Association between hepatitis C virus and oral lichen planus

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Article Information:

Group: 2011
Subgroup: Volume 11, Issue 2, Feb
Date: February 2011
Type: Letter to Editor
Start Page: 132
End Page: 133
PMID: 22087133
PMCID: PMC3206669


  • Mônica Ghislaine Oliveira Alves
  • University of Estadual Paulista, São José dos Campos Dental School, Department of Biosciences and Oral Diagnosis, São José dos Campos, São Paulo, Brazil
  • Janete Dias Almeida
  • Oliveira Alves, University of Estadual Paulista, São José dos Campos Dental School, Department of Biosciences and Oral Diagnosis, São José dos Campos, São Paulo
  • Luiz Antonio Guimarães Cabral
  • Oliveira Alves, University of Estadual Paulista, São José dos Campos Dental School, Department of Biosciences and Oral Diagnosis, São José dos Campos, São Paulo


      Affiliation: University of Estadual Paulista, São José dos Campos Dental School, Department of Biosciences and Oral Diagnosis, São José dos Campos
      City, Province: São Paulo,
      Country: Brazil
      Tel: +55-1288278200
      Fax: +55-1239479010

Manuscript Body:


Dear Editor,
We read with great interest the article, "Hepatitis C virus and Lichen Planus: The real association" by Mahboobi et al. (1) because our practice serves a large group of patients with Oral Lichen Planus (OLP). OLP has been associated with chronic liver diseases, particularly those that have Hepatitis C Virus (HCV) (2) as a possible etiology. The association between HCV and Lichen Planus has been described in the literature, especially among patients of Mediterranean origin, but is not generally observed in patients from Northern Europe, indicating a strong geographic relationship (2). Carrozzo et al. (2) reported that HCV-associated Lichen Planus appears to be a distinct subset among Lichen Planus conditions and is particularly associated with the HLA class II allele, HLA-DR6. This fact may explain in part the peculiar geographic heterogeneity seen in HCV-associated Lichen Planus. Given that HCV infection can be asymptomatic, screening patients with Lichen Planus for this virus is important because it permits an early diagnosis and a better prognosis. Therefore, we request serological tests for patients diagnosed with OLP and encourage this practice. At our practice, none of the patients diagnosed with OLP have been HCV positive (3). However, the number of patients in our study is not sufficient to demonstrate a positive association, which might be explained by the ethnic diversity of Brazil, although a geographic or ethnic correlation is difficult to establish. The pathogenesis of OLP induced by HCV is uncertain, but two hypotheses have been raised to explain the mechanism of the triggering of OLP by HCV. The first hypothesis suggests that virus replication is associated with the oral epithelium and thus contributes directly to the development of lesions. The second hypothesis proposes that the high mutation rate of the virus results in repeated activation of immune cells, increasing the probability of crossreaction with its own tissue and, consequently, the risk of autoimmune disease. In certain genotypes, crossreactivity that activates immune cells against epithelial cells is favored (4). According to Arrieta et al. (5), HCV infection is not a direct causal factor of OLP because replication of HCV was observed in both mucosa with and without OLP. In addition, the authors found a mononuclear cell infiltrate around the epithelial cells of HCV-seropositive patients with and without OLP. However, the authors did not rule out the possibility of HCV inducing changes in the host that may have led to an autoimmune response. Michele et al. (6) found no clear association between OLP and chronic hepatitis C. These authors postulated that this possible association mainly depends on the frequency of each disease in the population, which would explain the wide geographic variation. However, Del Olmo et al. (7) concluded that HCV plays a role in the etiopathogenesis of chronic liver diseases documented in patients with OLP and that treatment of the disease with IFN-α, which inhibits virus replication, may lead to the development of a lichenoid reaction to this drug. Despite the controversy in the literature regarding the association between OLP and hepatitis caused by HCV, we partly agree with Mahboobi et al. (1) that screening patients with OLP is of marked importance for the diagnosis of HCV infection given that the latter is usually indolent and can cause serious complications in patients if left untreated.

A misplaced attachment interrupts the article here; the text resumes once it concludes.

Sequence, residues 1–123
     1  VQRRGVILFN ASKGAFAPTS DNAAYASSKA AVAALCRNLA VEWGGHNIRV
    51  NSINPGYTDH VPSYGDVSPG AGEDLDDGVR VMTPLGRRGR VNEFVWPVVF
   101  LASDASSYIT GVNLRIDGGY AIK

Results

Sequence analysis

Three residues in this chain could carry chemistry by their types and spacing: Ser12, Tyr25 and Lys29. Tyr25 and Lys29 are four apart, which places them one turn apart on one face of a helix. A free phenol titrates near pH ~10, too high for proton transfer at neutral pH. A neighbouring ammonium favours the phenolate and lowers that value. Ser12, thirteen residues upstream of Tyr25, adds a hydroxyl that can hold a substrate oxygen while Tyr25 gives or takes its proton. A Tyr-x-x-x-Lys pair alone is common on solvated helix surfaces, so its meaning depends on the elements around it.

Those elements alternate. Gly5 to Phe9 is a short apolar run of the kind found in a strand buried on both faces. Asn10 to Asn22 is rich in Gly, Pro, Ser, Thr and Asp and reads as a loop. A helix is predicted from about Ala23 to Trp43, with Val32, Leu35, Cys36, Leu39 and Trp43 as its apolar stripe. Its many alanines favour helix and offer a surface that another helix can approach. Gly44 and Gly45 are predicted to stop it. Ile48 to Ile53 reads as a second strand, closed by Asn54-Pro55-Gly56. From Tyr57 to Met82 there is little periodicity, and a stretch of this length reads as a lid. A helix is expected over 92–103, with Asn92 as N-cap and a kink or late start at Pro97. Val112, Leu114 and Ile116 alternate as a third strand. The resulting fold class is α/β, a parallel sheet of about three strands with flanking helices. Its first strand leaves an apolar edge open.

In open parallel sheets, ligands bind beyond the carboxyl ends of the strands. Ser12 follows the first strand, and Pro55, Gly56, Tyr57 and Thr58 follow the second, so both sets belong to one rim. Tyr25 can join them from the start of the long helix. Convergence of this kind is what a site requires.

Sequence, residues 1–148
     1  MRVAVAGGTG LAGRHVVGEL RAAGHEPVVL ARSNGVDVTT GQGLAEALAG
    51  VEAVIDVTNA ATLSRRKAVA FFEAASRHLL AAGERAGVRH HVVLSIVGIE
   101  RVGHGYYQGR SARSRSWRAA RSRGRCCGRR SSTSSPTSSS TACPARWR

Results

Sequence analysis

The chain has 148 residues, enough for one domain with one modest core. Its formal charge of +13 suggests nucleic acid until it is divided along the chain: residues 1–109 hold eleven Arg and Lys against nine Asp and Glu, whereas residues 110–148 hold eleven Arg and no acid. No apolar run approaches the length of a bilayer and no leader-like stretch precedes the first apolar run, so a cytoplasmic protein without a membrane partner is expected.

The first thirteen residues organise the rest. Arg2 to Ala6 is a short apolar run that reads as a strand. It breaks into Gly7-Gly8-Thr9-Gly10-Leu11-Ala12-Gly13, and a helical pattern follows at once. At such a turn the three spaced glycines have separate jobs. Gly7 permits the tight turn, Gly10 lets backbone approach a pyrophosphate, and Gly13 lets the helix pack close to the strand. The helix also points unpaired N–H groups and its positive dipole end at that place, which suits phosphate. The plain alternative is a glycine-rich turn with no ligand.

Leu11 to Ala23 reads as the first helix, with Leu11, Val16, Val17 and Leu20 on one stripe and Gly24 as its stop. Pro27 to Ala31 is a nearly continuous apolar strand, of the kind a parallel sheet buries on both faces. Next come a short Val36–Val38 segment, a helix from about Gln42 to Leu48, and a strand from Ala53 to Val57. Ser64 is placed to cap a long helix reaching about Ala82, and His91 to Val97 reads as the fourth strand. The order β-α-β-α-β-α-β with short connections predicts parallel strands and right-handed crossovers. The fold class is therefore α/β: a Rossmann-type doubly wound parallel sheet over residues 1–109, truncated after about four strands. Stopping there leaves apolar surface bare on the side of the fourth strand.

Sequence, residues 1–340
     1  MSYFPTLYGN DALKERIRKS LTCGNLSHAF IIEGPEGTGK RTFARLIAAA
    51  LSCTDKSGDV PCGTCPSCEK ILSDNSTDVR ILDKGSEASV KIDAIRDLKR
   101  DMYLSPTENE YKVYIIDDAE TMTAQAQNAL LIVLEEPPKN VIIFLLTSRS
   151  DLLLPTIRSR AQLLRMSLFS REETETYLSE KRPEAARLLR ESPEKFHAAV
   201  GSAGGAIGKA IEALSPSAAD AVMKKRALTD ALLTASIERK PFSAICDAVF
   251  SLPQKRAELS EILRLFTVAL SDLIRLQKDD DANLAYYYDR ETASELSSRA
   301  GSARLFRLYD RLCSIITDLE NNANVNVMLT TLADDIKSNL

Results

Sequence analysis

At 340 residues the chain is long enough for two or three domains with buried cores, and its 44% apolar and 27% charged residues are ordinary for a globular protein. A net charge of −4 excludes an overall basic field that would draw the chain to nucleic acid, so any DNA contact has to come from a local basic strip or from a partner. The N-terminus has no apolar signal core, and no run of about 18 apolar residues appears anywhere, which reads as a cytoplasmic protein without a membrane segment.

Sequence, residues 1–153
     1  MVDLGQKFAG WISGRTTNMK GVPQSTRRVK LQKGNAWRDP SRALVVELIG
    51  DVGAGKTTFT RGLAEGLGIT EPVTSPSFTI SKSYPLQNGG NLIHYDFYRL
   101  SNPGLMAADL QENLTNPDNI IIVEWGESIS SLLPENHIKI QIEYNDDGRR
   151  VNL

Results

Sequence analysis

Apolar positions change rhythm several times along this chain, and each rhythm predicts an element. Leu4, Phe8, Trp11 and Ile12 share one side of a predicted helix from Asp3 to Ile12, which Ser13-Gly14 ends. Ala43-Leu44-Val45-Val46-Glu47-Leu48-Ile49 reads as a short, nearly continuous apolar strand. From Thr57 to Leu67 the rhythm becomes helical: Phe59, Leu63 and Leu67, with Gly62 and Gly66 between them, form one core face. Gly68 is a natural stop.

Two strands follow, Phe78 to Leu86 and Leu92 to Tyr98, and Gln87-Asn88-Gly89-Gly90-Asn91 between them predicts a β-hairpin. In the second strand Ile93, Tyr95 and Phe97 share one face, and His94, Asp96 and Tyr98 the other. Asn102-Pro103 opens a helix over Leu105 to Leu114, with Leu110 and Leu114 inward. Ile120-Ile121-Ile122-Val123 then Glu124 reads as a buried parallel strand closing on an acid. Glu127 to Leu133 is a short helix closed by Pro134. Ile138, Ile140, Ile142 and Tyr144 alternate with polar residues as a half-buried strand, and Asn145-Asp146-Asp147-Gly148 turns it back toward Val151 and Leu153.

References: (7)

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